On the very first page of the play, Lopakhin speaks of when he was a child. He tells Dunyasha:
I remember when I was only fifteen my old father struck me in the face
with his fist and my nose bled. We were out in the courtyard, and he had
been drinking. Madame Ranevsky, I remember it like yesterday, still a
lender young girl, brought me to the wash-hand stand, here, in this very
room, in the nursery. ‘Don’t Cry, little peasant,’ she said, ‘it’ll be all right
for your wedding.’ [A pause] ‘Little peasant!’ …. My father, it is true, was
a peasant, and here am I in a white waistcoat and brown boots; a silk
purse out of a sow’s ear; just turned rich, with plenty of money, but still
a peasant of the peasants (Chekhov 1).
This quote from Lopakhin informs the audience that even Lopakhin himself knows that he has come a long distance relative to when he was a young peasant. Madame Ranevsky used to care for Lopakhin when they were children, and now Lopakhin gives her financial advice ...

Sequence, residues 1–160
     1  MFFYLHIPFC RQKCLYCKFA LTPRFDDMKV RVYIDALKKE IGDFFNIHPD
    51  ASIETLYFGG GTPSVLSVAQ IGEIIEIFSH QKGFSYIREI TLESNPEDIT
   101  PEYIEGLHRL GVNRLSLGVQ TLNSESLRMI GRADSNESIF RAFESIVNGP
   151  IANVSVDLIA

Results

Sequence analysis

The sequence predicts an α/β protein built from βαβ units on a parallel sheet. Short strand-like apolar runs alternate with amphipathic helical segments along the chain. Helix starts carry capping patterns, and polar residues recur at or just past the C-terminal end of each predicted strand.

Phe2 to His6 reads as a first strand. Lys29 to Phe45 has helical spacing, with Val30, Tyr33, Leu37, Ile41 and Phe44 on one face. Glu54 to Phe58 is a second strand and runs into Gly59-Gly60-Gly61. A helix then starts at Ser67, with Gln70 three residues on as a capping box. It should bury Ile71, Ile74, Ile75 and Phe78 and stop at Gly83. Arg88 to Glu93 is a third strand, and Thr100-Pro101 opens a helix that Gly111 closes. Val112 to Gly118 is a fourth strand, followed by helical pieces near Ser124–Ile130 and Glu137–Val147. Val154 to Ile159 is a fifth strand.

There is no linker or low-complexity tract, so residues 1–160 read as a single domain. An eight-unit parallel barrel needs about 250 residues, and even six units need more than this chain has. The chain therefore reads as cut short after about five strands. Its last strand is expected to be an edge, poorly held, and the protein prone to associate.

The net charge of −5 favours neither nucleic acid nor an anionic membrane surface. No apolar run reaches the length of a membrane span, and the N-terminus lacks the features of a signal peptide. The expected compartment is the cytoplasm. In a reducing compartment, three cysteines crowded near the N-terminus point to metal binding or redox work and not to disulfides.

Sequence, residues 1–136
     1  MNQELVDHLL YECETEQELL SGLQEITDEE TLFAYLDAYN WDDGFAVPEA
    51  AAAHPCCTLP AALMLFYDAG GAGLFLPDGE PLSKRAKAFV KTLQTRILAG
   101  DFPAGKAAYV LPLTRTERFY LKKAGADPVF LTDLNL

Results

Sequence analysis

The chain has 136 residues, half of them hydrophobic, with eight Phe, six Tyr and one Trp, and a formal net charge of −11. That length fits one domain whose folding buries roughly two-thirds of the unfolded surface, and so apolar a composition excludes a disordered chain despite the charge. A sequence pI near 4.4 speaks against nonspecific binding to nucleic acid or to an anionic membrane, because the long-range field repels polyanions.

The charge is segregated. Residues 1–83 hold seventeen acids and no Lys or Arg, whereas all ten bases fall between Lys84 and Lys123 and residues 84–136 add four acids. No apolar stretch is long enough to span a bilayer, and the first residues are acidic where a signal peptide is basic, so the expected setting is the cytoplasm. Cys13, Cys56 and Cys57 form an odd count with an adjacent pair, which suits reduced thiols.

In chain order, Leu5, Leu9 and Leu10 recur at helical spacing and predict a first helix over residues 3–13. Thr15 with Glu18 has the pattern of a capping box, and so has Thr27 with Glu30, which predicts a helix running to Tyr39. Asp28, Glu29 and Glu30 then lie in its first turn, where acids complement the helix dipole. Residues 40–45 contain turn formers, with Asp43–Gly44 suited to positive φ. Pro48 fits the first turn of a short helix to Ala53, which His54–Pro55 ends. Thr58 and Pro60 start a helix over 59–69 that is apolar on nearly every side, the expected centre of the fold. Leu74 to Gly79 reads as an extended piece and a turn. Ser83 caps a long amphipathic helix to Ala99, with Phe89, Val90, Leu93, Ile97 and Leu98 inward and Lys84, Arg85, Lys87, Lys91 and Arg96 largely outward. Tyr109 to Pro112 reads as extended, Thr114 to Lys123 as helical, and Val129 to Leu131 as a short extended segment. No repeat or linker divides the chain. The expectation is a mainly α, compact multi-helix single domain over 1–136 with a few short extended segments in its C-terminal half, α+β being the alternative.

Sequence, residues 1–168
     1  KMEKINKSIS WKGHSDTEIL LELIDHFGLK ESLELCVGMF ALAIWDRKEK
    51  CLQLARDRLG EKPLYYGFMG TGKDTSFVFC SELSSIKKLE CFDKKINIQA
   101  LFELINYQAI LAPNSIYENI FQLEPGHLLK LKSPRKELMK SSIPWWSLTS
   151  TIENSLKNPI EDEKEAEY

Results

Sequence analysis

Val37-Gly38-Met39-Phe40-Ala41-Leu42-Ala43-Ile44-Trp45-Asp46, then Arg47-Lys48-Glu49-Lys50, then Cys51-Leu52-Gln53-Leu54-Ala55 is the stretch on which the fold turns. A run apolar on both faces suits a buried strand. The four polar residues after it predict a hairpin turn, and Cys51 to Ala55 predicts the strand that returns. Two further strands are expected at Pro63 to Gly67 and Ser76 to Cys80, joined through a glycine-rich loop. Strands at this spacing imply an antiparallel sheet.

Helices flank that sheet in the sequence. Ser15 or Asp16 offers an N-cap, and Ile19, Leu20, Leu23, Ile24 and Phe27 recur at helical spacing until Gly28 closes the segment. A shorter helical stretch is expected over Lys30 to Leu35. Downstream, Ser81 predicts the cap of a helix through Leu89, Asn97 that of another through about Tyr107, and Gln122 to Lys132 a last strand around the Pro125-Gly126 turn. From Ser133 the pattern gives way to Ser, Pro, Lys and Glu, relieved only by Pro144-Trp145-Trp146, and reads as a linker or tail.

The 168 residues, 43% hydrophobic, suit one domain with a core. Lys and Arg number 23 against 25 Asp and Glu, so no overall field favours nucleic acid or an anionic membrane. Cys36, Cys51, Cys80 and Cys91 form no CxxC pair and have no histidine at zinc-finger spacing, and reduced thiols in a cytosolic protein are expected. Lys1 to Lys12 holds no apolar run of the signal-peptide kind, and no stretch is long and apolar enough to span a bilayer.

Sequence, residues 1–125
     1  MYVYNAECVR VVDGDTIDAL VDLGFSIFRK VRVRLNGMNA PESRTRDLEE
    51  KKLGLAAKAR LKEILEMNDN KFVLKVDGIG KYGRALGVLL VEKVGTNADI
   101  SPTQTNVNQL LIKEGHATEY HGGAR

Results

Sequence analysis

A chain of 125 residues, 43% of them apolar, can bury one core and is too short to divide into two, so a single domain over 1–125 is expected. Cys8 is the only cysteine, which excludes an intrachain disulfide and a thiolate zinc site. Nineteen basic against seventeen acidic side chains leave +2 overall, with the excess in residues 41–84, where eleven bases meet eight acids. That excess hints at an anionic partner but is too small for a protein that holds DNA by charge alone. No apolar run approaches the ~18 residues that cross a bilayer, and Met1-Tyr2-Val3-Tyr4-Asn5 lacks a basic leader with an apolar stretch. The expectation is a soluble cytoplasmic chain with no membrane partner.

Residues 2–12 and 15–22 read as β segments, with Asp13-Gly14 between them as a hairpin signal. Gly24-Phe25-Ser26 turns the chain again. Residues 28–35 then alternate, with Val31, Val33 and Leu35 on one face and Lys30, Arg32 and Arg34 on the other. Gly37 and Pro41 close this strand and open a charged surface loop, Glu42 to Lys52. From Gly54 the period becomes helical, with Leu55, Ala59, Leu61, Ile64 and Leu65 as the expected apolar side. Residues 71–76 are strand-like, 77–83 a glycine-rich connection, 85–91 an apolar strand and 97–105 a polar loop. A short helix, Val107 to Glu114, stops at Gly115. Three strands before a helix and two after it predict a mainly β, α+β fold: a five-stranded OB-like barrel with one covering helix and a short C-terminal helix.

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...ing all over Russia at the time. The play takes place shortly after serfs were freed across the nation, which allowed for many former servants and serfs to experience a reversal of fate as Russia underwent a massive modernization.
“Time changes everything” is a bit of a cliche saying, but it is clearly represented within The Cherry Orchard. Lopakhin and Madame Ranevsky completely switch fates as time elapses throughout the play. These reversal of fates are often caused by ignorance and instability in decision-making, as shown by Madame Ranevsky. Simply because she sees herself as superior to a particular type of person, she loses everything. Although one might acquire lots of wealth one day, it is uncertain what fate holds for the next day.
Chekhov, Anton. The Cherry Orchard. Dover Thrift Edition ed. Mineola, NY: Dover Publications, 1991. Print.
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